Protein intensities for all SDS concentrations of an experiment were combined and the values log2-transformed. To investigate the linear relationship between data points, regression lines determined by minimizing the sum of squares of the Euclidean distance of points to the fitted line (‘orthogonal regression’). Correlations between repeated experiments were estimated using the Pearson correlation coefficient together with its 95% confidence interval. To investigate the safe isolation of elution profiles for different SDS concentrations, Spearman’s correlation scores were calculated. Consensus profiles of known marker protein groups (Supplementary Table 6) were calculated by averaging the normalized cumulative intensities of the protein group per concentration step for all experiments. Elution profile distances (EPD) to consensus profiles were calculated for all detected proteins. A stepwise (n=1,000) parameter search was performed to estimate the optimal EPD threshold to maximize the specificity and sensitivity to assign known sub-complex members to the consensus profile. To perform non-metric multidimensional scaling the elution profile distances were averaged across the replicated (n=6) experiments and Euclidean distances between them calculated. A stable solution was estimated by using random starts and the best ordination (stress: 0.03 IFT27; 0.01 IFT88) selected.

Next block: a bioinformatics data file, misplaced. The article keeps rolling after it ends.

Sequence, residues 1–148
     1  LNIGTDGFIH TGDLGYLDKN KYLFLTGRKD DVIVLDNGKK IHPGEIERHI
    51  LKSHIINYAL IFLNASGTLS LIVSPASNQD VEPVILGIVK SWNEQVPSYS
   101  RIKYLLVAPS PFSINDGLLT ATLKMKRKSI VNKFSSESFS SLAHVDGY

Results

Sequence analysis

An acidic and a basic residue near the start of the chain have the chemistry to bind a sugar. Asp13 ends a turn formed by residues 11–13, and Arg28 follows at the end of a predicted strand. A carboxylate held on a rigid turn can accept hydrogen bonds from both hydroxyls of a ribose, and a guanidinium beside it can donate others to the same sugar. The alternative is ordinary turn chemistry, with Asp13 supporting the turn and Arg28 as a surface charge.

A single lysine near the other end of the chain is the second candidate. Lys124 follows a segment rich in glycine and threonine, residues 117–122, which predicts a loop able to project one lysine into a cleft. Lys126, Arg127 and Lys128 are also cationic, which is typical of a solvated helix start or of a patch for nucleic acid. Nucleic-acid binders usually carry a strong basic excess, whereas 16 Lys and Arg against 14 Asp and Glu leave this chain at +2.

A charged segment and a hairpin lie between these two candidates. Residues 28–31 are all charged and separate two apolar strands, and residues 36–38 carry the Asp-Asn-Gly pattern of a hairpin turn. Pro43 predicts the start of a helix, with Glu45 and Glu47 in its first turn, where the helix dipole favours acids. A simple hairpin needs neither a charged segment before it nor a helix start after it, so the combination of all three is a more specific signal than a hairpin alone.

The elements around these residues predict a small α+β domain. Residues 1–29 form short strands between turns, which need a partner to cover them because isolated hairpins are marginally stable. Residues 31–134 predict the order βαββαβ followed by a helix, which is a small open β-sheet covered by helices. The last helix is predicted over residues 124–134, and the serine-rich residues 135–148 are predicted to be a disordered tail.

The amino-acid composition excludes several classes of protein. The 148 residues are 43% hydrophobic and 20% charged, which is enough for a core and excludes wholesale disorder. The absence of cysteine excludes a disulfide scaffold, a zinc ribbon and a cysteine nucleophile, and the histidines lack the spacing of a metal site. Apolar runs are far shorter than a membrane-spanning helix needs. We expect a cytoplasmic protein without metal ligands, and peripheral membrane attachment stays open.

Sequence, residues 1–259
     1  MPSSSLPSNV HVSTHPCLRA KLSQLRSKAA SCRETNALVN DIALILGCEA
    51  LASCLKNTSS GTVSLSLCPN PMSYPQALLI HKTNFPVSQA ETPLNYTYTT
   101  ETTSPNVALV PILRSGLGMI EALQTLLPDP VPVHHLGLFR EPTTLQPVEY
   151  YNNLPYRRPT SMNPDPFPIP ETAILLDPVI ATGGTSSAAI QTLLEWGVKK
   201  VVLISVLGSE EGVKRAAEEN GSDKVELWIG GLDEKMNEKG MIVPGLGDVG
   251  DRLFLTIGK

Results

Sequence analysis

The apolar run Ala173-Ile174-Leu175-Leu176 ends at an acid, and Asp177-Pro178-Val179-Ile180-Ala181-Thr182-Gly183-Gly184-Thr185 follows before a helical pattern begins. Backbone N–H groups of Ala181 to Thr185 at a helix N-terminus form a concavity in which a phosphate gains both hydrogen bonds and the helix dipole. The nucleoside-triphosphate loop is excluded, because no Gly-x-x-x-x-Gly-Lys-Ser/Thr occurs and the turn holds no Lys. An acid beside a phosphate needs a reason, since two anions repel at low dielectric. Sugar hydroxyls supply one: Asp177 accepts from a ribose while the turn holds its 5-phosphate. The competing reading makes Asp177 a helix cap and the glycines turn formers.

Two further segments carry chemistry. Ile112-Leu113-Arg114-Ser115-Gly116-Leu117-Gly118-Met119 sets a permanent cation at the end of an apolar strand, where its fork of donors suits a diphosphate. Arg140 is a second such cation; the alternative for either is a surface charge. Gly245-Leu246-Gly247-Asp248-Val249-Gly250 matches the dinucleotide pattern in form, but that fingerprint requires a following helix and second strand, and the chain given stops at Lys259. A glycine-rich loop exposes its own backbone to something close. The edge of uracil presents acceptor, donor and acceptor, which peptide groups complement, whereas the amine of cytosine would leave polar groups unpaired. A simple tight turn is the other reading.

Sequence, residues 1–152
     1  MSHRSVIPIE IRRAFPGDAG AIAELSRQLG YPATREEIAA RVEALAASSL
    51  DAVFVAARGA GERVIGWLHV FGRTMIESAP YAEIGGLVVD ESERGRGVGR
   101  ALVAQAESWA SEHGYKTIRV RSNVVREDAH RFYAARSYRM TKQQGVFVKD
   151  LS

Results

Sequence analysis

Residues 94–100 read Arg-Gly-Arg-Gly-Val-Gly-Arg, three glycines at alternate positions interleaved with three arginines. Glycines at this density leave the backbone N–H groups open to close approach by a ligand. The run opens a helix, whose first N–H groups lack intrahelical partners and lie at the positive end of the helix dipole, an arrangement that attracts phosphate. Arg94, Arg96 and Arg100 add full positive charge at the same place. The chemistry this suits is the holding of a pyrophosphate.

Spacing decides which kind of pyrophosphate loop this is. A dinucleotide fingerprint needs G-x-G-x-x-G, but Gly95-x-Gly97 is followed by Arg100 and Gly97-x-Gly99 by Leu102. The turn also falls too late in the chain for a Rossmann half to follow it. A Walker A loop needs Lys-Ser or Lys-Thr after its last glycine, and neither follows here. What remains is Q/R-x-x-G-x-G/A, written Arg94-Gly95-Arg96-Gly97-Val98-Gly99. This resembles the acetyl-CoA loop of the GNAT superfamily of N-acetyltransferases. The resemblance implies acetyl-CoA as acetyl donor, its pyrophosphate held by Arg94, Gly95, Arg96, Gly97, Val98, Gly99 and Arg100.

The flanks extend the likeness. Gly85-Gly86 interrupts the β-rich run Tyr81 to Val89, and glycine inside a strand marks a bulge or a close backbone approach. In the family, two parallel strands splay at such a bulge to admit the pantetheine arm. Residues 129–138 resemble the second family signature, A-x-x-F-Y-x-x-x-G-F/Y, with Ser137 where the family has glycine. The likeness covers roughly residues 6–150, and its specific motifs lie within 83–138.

Rare variant discovery in the Syscilia cohort

As part of our ongoing investigation of mutational burden in ciliopathies, we conducted bidirectional Sanger sequencing of coding regions and splice junctions of IFT-B encoding genes (IFT172, IFT88, IFT81, IFT80, IFT74, IFT57, TRAF3IP1, IFT52, IFT46, IFT27, HSPB11, RABL5, IFT20 and CLUAP1) in a previously described ciliopathy cohort60 according to standard methodology. The Duke University Institutional Review Board approved human subjects research, and DNA samples were ascertained following informed consent. PCR products were sequenced with BigDye Terminator v3.1 chemistry on an ABI 3,730 (Applied Biosystems), sequences were analysed with Sequencher (Gene Codes), and variants were confirmed by resequencing and visual assessment of chromatograms. Primer sequences and PCR conditions are available upon request.

Identifying disruptive variants at complex interfaces

We selected 10 IFT-B variants from the rare variant data set identified in ciliopathy cases (Syscilia cohort) as candidates to affect IFT architecture by an analysis of the structural features known or predicted for these subunits (Supplementary Data 7). We used the Mechismo32 system and identified two variants at or near the interface (IFT27 p.R131Q and HSPB11 p.T41I) and a third on the surface of HSPB11 (p.R61S) but far away from this interface (and potentially a candidate to bind different proteins).